ERIC Number: EJ961618
Record Type: Journal
Publication Date: 2012-May
Abstractor: As Provided
The Language Policy of State Drivers' License Testing: Expediency, Symbolism, or Creeping Incrementalism?
Schiffman, Harold F.; Weiner, Richard E.
Language Policy, v11 n2 p189-196 May 2012
Until recently, educational language policy in the US has been the chief site of contention about language, as seen in recent initiatives, referenda, and state constitutional amendments. Provision for drivers' licensing testing in languages other than English (LotE), on the other hand, has often exemplified what we call expedient language policy, i.e. using a LotE for a higher end, that of ensuring highway safety and enhancing opportunities (freedom of travel, especially for economic benefits, i.e. work). In some states, however, notably an Alabama case "Alexander v. Sandoval," language policy of vehicle licensing has become symbolic of other issues, and the ACLU is now pitted against the National Review, the English-Only and English-First organizations, as well as disability-rights organizations, many of whom have provided amicus curae briefs, all of which seems at first glance out of proportion to the importance of the issue at hand. Between the time this paper was proposed and the present, the Supreme Court has heard this case and found in favor of the state of Alabama and against the parties to the original suit. (The court heard "Alexander v. Sandoval" No. 99-1908 on January 16, 2001, and issued its opinion, for Alexander, on April 24, 2001.)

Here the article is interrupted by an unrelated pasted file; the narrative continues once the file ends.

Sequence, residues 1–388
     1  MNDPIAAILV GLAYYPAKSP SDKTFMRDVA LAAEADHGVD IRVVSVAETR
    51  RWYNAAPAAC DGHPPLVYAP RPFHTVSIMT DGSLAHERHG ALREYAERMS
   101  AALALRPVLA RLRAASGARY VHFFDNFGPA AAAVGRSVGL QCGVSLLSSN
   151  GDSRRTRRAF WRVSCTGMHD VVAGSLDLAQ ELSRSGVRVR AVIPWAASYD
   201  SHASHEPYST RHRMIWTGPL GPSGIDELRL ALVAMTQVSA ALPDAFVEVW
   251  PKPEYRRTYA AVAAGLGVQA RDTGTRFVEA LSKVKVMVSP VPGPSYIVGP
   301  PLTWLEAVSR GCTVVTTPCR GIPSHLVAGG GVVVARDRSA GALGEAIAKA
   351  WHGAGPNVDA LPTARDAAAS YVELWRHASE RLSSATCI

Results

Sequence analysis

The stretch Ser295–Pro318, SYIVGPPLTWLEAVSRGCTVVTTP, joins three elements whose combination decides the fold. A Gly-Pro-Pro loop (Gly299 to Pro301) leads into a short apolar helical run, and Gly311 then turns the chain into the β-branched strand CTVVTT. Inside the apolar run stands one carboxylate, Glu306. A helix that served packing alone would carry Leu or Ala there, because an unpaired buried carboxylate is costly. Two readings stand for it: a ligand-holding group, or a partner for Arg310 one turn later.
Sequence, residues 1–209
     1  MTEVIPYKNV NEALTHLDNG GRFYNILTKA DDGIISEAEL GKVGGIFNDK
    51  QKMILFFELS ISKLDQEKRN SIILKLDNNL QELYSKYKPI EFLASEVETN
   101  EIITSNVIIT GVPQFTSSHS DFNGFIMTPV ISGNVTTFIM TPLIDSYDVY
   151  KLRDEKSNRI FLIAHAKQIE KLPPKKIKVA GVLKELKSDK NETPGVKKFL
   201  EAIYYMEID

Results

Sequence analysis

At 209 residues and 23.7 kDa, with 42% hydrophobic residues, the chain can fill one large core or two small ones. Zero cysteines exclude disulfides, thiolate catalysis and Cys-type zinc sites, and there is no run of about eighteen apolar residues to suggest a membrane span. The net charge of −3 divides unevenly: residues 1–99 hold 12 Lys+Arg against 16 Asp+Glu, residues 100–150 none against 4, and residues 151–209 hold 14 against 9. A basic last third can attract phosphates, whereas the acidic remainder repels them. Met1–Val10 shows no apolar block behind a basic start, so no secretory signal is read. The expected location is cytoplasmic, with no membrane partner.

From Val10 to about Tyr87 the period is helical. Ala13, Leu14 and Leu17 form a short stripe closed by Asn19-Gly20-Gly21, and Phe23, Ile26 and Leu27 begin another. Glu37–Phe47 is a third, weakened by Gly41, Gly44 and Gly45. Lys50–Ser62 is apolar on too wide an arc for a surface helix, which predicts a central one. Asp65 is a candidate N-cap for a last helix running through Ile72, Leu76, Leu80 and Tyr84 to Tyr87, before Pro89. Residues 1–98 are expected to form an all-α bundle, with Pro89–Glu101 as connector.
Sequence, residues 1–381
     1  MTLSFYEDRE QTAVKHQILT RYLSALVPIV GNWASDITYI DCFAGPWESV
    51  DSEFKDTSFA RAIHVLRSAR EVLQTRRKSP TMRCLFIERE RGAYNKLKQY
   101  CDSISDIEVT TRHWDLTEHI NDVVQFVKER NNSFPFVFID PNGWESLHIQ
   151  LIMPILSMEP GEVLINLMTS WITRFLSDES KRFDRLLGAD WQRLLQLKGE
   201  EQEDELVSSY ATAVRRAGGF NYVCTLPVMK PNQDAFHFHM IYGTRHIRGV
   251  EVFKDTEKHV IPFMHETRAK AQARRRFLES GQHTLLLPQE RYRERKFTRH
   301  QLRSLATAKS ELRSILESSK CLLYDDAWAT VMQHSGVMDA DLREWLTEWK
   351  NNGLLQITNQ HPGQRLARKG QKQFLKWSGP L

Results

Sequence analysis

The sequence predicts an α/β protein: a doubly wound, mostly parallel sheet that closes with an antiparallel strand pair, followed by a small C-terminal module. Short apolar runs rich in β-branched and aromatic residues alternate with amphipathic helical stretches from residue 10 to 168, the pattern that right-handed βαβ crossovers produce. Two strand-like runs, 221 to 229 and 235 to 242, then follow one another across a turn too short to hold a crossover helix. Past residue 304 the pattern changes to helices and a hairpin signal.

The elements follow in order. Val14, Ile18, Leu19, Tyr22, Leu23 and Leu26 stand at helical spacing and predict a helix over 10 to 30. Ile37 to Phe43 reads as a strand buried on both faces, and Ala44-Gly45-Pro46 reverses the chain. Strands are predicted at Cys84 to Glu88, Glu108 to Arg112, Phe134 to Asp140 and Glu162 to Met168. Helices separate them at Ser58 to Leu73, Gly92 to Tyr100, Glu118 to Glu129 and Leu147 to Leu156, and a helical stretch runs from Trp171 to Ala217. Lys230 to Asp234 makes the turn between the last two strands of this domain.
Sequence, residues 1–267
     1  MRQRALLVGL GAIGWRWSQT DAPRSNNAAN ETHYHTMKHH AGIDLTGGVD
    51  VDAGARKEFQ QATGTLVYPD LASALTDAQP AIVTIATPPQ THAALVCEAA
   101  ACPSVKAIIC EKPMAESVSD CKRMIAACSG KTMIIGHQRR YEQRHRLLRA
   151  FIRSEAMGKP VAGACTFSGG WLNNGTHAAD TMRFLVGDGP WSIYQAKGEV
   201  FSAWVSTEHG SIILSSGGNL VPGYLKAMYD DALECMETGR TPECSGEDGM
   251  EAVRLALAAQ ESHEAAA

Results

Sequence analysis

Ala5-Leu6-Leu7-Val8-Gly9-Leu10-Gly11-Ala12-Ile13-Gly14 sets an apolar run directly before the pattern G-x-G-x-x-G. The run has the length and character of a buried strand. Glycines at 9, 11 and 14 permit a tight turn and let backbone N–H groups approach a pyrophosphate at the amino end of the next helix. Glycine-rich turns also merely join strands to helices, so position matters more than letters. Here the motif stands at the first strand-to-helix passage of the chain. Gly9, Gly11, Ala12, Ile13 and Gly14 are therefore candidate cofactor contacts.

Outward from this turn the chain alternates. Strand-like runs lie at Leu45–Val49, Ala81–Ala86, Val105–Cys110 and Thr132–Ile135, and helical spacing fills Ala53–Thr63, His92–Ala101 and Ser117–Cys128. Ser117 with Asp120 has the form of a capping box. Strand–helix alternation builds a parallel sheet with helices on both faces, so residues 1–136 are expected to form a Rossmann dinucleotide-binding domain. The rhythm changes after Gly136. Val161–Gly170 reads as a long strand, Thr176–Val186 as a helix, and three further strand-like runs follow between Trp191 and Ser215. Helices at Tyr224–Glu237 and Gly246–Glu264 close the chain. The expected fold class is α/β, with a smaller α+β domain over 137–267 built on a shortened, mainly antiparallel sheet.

Descriptors: Language Planning, Testing, Certification, Motor Vehicles, Educational Policy, Traffic Safety, Travel, Freedom, Court Litigation, English Only Movement, Disabilities, Civil Rights, Organizations (Groups), English (Second Language), Second Languages
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Publication Type: Journal Articles; Opinion Papers; Reports - Evaluative
Education Level: N/A
Authoring Institution: N/A
Identifiers - Location: Alabama